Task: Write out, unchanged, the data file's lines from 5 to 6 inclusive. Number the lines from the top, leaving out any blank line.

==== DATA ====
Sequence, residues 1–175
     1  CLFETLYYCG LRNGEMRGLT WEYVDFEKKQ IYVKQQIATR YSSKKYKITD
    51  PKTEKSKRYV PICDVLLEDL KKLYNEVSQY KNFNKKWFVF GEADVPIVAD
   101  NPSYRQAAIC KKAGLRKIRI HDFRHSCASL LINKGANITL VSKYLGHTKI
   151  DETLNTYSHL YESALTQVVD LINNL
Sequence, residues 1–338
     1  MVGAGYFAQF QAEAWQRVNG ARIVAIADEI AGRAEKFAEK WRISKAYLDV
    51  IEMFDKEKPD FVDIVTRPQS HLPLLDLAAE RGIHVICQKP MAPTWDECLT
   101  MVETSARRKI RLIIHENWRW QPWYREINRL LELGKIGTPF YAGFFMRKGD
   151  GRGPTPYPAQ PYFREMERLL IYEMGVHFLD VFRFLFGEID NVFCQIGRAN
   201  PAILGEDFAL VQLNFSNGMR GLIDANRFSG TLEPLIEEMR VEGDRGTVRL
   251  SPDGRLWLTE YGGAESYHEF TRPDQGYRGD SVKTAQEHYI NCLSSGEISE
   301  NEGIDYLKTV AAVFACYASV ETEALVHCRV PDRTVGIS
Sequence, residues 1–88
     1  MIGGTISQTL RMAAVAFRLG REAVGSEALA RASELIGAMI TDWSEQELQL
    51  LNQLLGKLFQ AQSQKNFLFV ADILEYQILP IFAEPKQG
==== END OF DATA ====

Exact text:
   151  DETLNTYSHL YESALTQVVD LINNL
Sequence, residues 1–338